“Make it known that I’m still alive!” says Lou Bega, as a message to everyone in the United States. “The guy didn’t drown!”
Bega is kidding, of course. The 38-year-old is not only alive, but is still issuing albums. His latest, “A Little Bit of 80’s,” was released in June, and is mostly a horns-inflected covers disc with new takes on “Come On Eileen,” “Karma Chameleon” and “Smooth Operator.” The album’s single, an amiable spin on KC & The Sunshine Band’s 1983 hit “Give It Up,” has a wacky music video that has attracted 47,000 viewers since hitting YouTube in June. Bega says of releasing an 80’s covers album, “I’m a time traveler when it comes to music — I started with the 50s music, the mambo music, and I wanted to add a new part into the time-traveling show.”
Bega has been playing four shows a week since the promotional cycle for “A Little Bit of 80’s” began. “It’s actually too much,” admits the Munich-born singer (real name: David Loubega) while speaking to Billboard on the phone from Germany. Bega and says that he’s recently played his mambo music and 80’s covers on three continents, flying out of Berlin to visit Russia, France, Italy, parts of Asia and South America.
Of course, North America is not included in that list. To most U.S. music fans, Bega will forever be known for his 1999 single “Mambo No. 5 (A Little Bit of…),” an innocuous pop ditty that rattles off female names and calls for a trumpet breakdown on multiple occasions. Born and raised in Germany, Bega traveled to Miami as an 18-year-old and became fascinated with mambo music, soaking in the side steps, brass, upright bass and vibrant percussion. He returned to Germany and began developing a contemporary take on the 50’s music, as well as a slick-suited, pencil-mustachioed persona.
“Mambo No. 5” peaked at No. 3 on the Hot 100 chart in 1999, but that statistic doesn’t do justice to how massive the song really was. The track topped the Radio Songs chart for six weeks and the Pop Songs chart for five weeks, and because “Mambo No. 5” was never commercially released as a CD single by RCA Records, music fans (still years away from iTunes and YouTube) had to purchase Bega’s full debut album, “A Little Bit of Mambo,” to have a little bit of Monica in their lives. “A Little Bit of Mambo” has sold 3.4 million copies to date, according to Nielsen SoundScan — a staggering number, and over one million greater than what 2013’s biggest-selling album thus far, Justin Timberlake’s “The 20/20 Experience,” has moved to date (2.3 million).
“It felt like Sputnik — you shoot up into the atmosphere in super-sonic speed, and you don’t even know where your head is,” says Bega of the fame that resulted from “Mambo No. 5’s” massive success. “I switch on the television and see myself sitting on Jay Leno’s couch. The next day, you fly… from Paris to New York City, then from New York to London, so you can have breakfast twice a day on two different continents. All these things you have to imagine, for a 23-year-old, were impressionable.”
From 1999 to 2002, Bega toured the world behind “Mambo No. 5,” and released a follow-up album, “Ladies and Gentleman,” in 2001. But his moment in North America had passed — “Ladies and Gentleman” was never released commercially in the States, and follow-up singles like “Tricky, Tricky” and “Gentleman” didn’t come close to sustaining the “Mambo No. 5” power. By 2003, an exhausted Bega was sick of “Mambo No. 5” and had retreated to Germany, effectively stepping away from the plate instead of taking more swings at a U.S. career.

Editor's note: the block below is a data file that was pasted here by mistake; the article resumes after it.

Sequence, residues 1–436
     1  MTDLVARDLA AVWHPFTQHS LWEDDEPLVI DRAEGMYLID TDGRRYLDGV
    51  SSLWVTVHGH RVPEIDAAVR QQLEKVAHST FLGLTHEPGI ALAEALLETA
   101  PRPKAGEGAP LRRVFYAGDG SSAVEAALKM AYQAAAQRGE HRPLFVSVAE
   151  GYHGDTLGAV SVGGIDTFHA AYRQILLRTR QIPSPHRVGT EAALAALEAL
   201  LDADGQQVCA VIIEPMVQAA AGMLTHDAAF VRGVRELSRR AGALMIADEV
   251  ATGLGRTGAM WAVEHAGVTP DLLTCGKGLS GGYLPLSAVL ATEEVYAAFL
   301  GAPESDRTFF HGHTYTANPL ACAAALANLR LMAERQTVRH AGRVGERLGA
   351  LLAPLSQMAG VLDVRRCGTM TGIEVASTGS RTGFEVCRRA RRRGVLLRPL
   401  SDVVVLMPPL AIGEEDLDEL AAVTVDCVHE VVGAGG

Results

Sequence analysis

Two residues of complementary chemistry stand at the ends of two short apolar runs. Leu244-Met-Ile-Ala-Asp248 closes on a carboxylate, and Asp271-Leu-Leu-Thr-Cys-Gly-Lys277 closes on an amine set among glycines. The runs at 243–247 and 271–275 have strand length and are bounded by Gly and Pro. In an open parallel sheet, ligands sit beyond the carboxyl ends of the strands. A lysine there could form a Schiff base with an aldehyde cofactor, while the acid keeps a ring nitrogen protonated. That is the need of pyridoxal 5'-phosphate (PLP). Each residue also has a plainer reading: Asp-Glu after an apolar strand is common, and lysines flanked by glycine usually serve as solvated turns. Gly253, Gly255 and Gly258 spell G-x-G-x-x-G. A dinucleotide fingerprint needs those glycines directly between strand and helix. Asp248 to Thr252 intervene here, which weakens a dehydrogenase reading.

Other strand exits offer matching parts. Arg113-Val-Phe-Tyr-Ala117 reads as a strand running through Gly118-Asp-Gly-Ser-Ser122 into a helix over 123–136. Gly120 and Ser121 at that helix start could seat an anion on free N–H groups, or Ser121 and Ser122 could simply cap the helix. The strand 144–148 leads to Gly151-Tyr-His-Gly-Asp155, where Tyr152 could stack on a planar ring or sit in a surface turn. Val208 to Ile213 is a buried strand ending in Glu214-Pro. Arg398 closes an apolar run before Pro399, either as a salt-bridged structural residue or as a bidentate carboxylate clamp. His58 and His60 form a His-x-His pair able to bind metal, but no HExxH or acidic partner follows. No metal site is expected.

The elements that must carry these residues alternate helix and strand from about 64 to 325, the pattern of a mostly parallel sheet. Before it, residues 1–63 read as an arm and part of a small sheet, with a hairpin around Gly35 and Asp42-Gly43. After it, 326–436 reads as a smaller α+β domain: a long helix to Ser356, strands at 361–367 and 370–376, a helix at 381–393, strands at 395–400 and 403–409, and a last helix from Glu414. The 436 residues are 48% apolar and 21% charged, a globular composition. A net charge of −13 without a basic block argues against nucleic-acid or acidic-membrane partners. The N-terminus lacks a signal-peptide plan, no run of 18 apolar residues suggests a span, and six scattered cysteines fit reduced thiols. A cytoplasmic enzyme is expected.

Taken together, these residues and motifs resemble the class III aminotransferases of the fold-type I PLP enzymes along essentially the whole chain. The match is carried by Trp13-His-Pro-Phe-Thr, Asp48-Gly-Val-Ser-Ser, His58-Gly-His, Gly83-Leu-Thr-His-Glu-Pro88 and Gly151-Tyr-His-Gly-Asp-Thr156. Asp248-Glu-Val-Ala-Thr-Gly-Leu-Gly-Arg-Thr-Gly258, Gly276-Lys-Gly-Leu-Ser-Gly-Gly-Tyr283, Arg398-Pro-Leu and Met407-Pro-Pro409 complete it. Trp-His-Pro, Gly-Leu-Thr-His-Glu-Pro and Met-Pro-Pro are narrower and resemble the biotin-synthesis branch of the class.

“My life and family and everything is in Europe,” says Bega, “so I had to make a decision: full-blown career, or family life? I knew back then that I couldn’t have both… I wanted, like, a ‘medium’ career, and it’s a decision that I don’t regret.”
A decade later, Bega is still enjoying a more easily digestible career, now in Germany. He has released a total of five albums, including “A Little Bit of 80’s,” and achieved some success in Europe with his 2010 single “Sweet Like Cola,” from his album “Free Again.” According to his website, Bega is available for “concerts, galas, festivals and radio shows,” in live performances that can consist of three female dancers, an eight-piece band, and the frontman in his signature hat, suit and pencil ‘stache. “The oldest fans are like 70 and 80, and that was because they felt that I would bring back the ‘good old music’ they were dancing to,” says Bega. “And the younger ones like it too, because there’s a bit of a cheekiness in it, or something. I don’t know — I never understood it myself.”
To this day, “Mambo No. 5” still generally sells between 1,000 and 2,000 downloads per week, according to SoundScan. The song is still a staple at U.S. weddings, bar mitzvahs and karaoke bars, despite Bega’s years-long absence from the States. Does “Mambo No. 5’s” singer get tired of performing, being asked about and ultimately being remembered for the song? “Sometimes,” he admits, “especially when I play concerts, and there’s that one guy in the audience… you don’t want to play it as the first song, but that guy from the top of his lungs screams, ‘We want Mambo No. 5!’
“I recognize that it is my signature song, and it will be my signature song,” Bega continues. “It doesn’t matter how many other songs I write in my life. I don’t consider it the best song that I wrote, ever, but it surprised people — from the way I dressed to the way it sounded — and it had the biggest impact of all of them. So I have to love it, and I do love it… because without ‘Mambo No. 5,’ I’d still be David, just a striving musician under the bridge. It’s a blessing from the skies, you know?”